Kansas City Business Owners: Property Damage 'Inconsequential' Next To Racial Justice Protests
Several Country Club Plaza business owners look back at the George Floyd protests and how they changed their own views on privilege and race.
KCUR and 41 Action News are looking at the ways the 2020 protests over racial injustices following George Floyd’s murder changed Kansas City.
One of the groups affected by the protests were Country Club Plaza business owners. Many of the protests took place on the Plaza and some nights, rioters separate from peaceful protesters broke windows on some store fronts.
As part of our series "9:29 – The Minutes That Moved Kansas City," 41 Action News anchor Dia Wall sat down with three business owners to talk about what it was like during the protests.
RE: Owner Chrysalyn Huff said when she first heard about what happened to George Floyd, she knew “it was a breaking point.” Huff boarded up her store, but it wasn’t an easy choice.
"We were told that because we have so many windows that it was probably best that we board up. So we did. We did it ourselves, but I just, I hated it,” Huff said.
“Why is it so emotional for you?” Wall asked.
“Because I don’t care about my windows,” Huff said.
Across West 47th Street, Made in KC was also boarded up.
"Keith, I want to come to you. We actually came to your store because you boarded up. But the front of Made in KC was plastered with signs in support of the protesters,” Wall said.
"We wanted to lend support to something going on that was much larger than our business, even much larger than our city,” said Keith Bradley, owner of Made in KC. “We also wanted to take that opportunity, recognizing that we have a large platform in this city. We wanted to do Kansas City proud in a way to show that this is wrong.”
Huff agreed the protests surpassed Kansas City and, frankly, many other difficult circumstances of 2020.
"We all, I'm sure, can agree that nothing that we went through or were going through during COVID, all of the things, none of that matters compared to the oppression or the 400 years of awful things, you know? That one moment was just another breaking point,” Huff said to the assembled group.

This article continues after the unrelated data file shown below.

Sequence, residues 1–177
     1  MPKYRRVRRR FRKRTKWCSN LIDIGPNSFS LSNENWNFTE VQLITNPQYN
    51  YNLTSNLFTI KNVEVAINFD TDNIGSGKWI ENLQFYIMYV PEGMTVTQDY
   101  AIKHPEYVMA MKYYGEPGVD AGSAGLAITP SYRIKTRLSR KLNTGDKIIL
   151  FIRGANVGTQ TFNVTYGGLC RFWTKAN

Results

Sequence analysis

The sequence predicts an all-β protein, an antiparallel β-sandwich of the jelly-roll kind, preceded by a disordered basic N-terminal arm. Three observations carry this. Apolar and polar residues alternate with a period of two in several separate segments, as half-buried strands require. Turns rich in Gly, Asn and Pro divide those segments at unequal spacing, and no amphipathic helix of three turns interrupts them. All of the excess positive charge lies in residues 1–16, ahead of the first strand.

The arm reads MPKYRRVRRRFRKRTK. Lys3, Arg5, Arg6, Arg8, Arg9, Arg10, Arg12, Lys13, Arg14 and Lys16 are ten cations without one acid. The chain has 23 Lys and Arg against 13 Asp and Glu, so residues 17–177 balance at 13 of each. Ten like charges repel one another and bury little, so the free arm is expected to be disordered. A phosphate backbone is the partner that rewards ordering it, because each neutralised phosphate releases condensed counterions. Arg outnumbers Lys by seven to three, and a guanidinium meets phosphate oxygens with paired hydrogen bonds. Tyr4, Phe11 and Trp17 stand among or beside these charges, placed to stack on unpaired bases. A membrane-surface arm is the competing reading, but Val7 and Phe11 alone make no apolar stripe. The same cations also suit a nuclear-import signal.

She said the protests represent the first time many white people have probably “felt that breaking in a way we had never felt before. I don't think that's a bad thing."
Charlie Hustle owner Chase McAnulty said he felt similarly.
“To add to that, the windows, anything that happened to the store, was inconsequential to what was going on. Like Chrissy said, nothing really mattered other than seeing the bigger picture,” McAnulty said.
Bradley said people are more important than property.
"Property can be replaced. Things can be replaced. But people, when they're gone, that's a whole ‘nother story,” he said.
Wall asked the group about the hardest thing they’d learned over the last year from the protests, and what the most beautiful thing is they’ve seen come out of it.
McAnulty said for him, the hardest thing was learning about white privilege.
“It's not that white people don't struggle. The American dream is tough and hard and a long road and building a business is not easy to do — but we don't have that obstacle of the color of our skin,” McAnulty said.
Bradley said it’s been beautiful seeing businesses and people — including Made in KC — use their platforms for change.
"Some of the beautiful things that came out of that are we are seeing and have seen that people can change and even as a company we can change and evolve and grow. We all have a platform and a voice that we can use for change,” Bradley said.
This story is part of 9:29 — The Minutes That Moved Kansas City, a KCUR 89.3 and 41 Action News collaboration about the legacy of George Floyd.